Anthony’s epiphany came the night he received the news his father was killed, stabbed four times in the chest during a house robbery. Now 27, he speaks with a sagacity of someone twice his age.
He jokes that he has been 30 ever since he turned 16, carrying the mantle left by his father as family patriarch. He admits he was not exactly ready for the role. He had to grow, he needed focus and above all else, he needed to find control. It was Anthony who was called down to identify his father’s body. That was the burning thicket Duke had to douse.
“Duke came in and filled a lot of holes in my life; he gave me this direction I never had before,” Anthony said. “Me and my brother were depressed. After my dad was killed, my mom was crying all of the time. The funny thing is, you don’t know how angry you are until someone else points it out. I remember my first fight for Duke. He had to pull me off the guy. I was definitely taking out some anger on that guy.”
Duke shakes his head and smirks at the memory. It happened almost a decade ago, yet seems like only yesterday. Duke saw himself in a sinewy, spritely package. He witnessed two years of rage spilling out.
“Anthony had been bottling up a lot since his father was killed,” Duke said. “Not showing emotion creates an angst inside of you that has to come out. The reason why I call Anthony ‘Showtime’ is that he gets this look on his face, this controlled rage. When the lights turn on, he turns into someone else. No one wants to fight more than Anthony. He loves to be in the arena, but he had to be under control. Anthony carries the swag of Floyd Mayweather and goes at you like Roberto Duran.”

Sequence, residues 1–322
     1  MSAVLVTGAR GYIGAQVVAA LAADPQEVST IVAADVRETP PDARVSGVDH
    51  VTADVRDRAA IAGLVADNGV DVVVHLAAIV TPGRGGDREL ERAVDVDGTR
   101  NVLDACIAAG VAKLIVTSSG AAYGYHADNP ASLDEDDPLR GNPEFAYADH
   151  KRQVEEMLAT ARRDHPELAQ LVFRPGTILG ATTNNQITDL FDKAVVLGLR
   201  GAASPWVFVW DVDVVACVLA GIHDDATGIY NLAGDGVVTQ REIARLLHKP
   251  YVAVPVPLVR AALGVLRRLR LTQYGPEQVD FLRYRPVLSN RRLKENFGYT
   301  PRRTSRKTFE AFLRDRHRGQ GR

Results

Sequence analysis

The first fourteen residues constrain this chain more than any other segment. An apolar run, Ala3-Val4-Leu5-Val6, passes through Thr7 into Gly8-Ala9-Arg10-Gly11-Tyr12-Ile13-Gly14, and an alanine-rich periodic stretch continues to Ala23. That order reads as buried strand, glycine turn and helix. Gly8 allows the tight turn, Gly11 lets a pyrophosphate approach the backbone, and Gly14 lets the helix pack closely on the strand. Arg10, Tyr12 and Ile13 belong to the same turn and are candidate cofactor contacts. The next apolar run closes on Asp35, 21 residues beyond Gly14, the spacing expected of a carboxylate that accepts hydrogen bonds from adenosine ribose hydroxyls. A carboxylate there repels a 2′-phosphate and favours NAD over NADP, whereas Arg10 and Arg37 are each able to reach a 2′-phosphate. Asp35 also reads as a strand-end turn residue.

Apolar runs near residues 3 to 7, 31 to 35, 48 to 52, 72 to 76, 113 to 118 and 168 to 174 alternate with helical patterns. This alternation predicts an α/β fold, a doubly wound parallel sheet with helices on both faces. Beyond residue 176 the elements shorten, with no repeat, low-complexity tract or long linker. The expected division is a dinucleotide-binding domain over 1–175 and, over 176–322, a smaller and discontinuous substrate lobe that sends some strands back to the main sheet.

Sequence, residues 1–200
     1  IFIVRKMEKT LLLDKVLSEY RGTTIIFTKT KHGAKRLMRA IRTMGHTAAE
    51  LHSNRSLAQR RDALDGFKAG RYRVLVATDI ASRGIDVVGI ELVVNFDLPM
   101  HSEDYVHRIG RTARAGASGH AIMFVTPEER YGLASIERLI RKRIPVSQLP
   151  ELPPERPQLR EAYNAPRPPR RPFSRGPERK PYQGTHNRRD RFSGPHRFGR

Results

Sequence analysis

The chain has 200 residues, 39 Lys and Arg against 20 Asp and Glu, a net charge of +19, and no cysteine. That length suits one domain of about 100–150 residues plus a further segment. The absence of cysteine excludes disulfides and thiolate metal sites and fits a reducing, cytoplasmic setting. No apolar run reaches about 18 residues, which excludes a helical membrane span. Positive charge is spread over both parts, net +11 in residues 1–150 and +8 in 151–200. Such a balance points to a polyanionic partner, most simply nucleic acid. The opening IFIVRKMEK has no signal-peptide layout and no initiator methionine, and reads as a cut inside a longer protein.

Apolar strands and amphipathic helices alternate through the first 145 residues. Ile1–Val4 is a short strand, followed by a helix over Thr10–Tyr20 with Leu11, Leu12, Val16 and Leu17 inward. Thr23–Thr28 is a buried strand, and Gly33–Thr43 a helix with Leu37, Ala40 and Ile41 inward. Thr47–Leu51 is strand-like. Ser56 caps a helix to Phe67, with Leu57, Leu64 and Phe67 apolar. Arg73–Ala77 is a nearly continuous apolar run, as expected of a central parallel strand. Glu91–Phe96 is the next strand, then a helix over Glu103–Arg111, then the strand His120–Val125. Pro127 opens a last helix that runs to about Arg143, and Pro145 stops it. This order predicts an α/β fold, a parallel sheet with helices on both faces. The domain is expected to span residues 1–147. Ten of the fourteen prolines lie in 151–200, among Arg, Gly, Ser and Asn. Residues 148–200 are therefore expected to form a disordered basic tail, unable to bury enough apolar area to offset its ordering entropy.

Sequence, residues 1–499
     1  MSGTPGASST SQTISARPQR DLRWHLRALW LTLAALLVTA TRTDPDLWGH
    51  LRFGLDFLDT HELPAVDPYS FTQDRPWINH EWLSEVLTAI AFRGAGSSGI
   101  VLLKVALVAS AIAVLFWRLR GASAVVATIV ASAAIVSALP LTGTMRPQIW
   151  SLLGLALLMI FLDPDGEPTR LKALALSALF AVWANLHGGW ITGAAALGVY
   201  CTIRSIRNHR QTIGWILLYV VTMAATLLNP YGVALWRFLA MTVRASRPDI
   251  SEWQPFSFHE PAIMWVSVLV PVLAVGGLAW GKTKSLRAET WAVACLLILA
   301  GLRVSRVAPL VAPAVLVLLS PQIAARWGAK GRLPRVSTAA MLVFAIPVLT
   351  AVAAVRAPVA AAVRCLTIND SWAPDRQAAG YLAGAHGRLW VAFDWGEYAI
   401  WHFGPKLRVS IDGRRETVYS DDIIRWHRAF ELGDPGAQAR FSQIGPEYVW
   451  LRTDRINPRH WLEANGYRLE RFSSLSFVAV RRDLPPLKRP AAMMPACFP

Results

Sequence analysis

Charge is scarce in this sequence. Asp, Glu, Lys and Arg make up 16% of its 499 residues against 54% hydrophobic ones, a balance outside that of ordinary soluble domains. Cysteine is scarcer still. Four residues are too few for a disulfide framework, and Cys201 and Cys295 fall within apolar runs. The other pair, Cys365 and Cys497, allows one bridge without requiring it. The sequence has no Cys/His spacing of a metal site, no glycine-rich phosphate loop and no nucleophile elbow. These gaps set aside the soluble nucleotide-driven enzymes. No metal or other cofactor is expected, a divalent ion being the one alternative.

During the filming of MTV’s “World of Jenks” in March 2010 -- the show led up to Anthony’s bout with Danny Castillo in World Extreme Cagefighting -- Roufus and Anthony went through an emotional, cathartic gamut. It brought latent feelings to the surface.
“While they filmed it, we just broke down and cried together; we say we love each other every week,” Duke said. “You don’t realize how important relationships are until someone is gone. I think it’s why Anthony thanks me constantly. He received an award from the governor of Wisconsin, and he stopped to thank me. He doesn’t have to.”
Duke sees Eugene in Anthony, too.
“The cool thing about Anthony is he had star power before he was a big star,” he said. “The one thing about being a star is you have a lot of ‘yes’ people around you. It’s where I give a lot of credit to his father, because he would tell it like it is. Anthony knows I will tell him like it is, too. There was some tough love at times between us. Anthony is like any star athlete. There were a few times when I told him not to go down that road. Anthony will listen. We spend so much time together people say I favor Anthony, but I see Anthony all of the time. I see myself in him. A lot of times these kids fight because their lives are [expletive] up. I can relate to that.”